One of the major problems during gas injection in unconventional reservoirs is asphaltene precipitation and deposition. Asphaltenes can reduce the pore throat in the reservoir and plug the surface and subsurface equipment during the production process, thus, result in oil production reduction with significant financial consequences. The impact of carbon dioxide (CO2) gas injection on asphaltene deposition in unconventional reservoirs still poorly investigated. This research investigates the impact of CO2 gas injection on asphaltene aggregation in ultra-low-permeability pore structures, mainly present in unconventional shale resources. First, the minimum miscibility pressure (MMP) of crude oil with CO2 was determined using the slim tube technique. Then, several CO2 injection pressures were selected to conduct the filtration experiments using a specially designed filtration apparatus. All pressures selected were below the MMP. Various sizes of filter paper membranes were used to study the effect of pore structure on asphaltene deposition. The results showed that asphaltene weight percent was increased by increasing the pressure and a significant asphaltene weight percentage was observed on smaller pore size structures of the filter membranes. The visualization tests revealed the process of asphaltene precipitation and deposition and showed that asphaltene particles and clusters were precipitated after one hour and fully deposited in the bottom of the test tube after 12 hours. High-resolution photos of filter paper membranes were presented using microscopy imaging and scanning electron microscopy (SEM) analysis; these photos highlighted the asphaltene particles inside the filter paper membranes and pore plugging was observed. The study's findings will contribute to a better understanding of the main factors influencing the stability of asphaltene particles in crude oil under immiscible CO2 injection pressure, particularly in nano pores, which are predominant in shale unconventional resources.
Geological storage of carbon dioxide (CO2) in depleted gas reservoirs represents a cost-effective solution to mitigate global carbon emissions. The surface chemistry of the reservoir rock, pressure, temperature, and moisture content are critical factors that determine the CO2 adsorption capacity and storage mechanisms. Shale-gas reservoirs are good candidates for this application. However, the interactions of CO2 and organic content still need further investigation. The objectives of this paper are to (i) experimentally investigate the effect of pressure and temperature on the CO2 adsorption capacity of activated carbon, (ii) quantify the nanoscale interfacial interactions between CO2 and the activated carbon surface using Monte Carlo molecular modeling, and (iii) quantify the correlation between the adsorption isotherms of activated carbon-CO2 system and the actual carbon dioxide adsorption on shale-gas rock at different temperatures and geochemical conditions. Activated carbon is used as a proxy for kerogen. The objectives aim at obtaining a better understanding of the behavior of CO2 injection and storage into shale-gas formations.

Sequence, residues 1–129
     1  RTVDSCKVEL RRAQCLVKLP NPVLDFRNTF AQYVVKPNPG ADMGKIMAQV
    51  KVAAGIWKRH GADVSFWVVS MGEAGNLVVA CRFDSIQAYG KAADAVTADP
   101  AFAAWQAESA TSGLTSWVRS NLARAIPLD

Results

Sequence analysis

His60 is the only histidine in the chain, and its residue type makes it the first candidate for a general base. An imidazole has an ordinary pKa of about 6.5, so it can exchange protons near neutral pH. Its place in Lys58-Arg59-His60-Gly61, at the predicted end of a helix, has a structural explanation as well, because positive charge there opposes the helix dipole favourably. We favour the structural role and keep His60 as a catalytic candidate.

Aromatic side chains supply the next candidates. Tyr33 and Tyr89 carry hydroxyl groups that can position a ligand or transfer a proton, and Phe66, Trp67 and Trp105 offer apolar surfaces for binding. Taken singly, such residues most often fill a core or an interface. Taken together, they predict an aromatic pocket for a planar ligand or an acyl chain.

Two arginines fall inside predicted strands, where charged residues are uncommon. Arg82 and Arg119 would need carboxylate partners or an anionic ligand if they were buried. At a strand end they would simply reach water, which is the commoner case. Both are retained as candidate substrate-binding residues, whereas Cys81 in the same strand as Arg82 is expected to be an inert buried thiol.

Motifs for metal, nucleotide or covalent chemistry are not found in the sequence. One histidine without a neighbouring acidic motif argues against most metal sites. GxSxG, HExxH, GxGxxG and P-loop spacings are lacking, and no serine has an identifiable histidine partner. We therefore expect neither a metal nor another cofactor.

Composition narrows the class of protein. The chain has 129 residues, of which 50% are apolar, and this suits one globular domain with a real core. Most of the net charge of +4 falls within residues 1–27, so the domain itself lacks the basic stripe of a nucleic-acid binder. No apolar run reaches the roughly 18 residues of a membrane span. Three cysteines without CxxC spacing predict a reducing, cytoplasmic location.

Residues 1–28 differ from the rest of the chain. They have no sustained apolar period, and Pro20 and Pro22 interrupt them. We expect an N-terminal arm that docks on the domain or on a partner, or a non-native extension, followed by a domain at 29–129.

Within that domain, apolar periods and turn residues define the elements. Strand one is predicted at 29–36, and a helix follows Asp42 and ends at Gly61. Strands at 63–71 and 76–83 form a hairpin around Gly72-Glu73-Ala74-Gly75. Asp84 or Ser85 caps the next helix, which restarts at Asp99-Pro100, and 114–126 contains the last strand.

We performed experimental measurements and Grand Canonical Monte Carlo (GCMC) simulations of CO2 adsorption onto activated carbon. The experimental work involved measurements of the high-pressure adsorption capacity of activated carbon using pure CO2 gas. Subsequently, we performed a series of GCMC simulations to calculate CO2 adsorption capacity on activated carbon to validate the experimental results. The simulated activated carbon structure consists of graphite sheets with a distance between the sheets equal to the average actual pore size of the activated carbon sample. Adsorption isotherms were calculated and modeled for each temperature value at various pressures.
The adsorption of CO2 on activated carbon is favorable from the energy and kinetic point of view. This is due to the presence of a wide micro to meso pore sizes that can accommodate a large amount of CO2 particles. The results of the experimental work show that excess adsorption results for gas mixtures lie in between the results for pure components. The simulation results agree with the experimental measurements. The strength of CO2 adsorption depends on both surface chemistry and pore size of activated carbon. Once strong adsorption sites within nanoscale network are established, gas adsorption even at very low pressure is governed by pore width rather than chemical composition. The outcomes of this paper provides new insights about the parameters affecting CO2 adsorption and storage in shale-gas reservoirs, which is critical for developing standalone representative models for CO2 adsorption on pure organic carbon.more » « less
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- 2022 SPE Annual Technical Conference and Exhibition
- Medium: X
- Sponsoring Org:
- National Science Foundation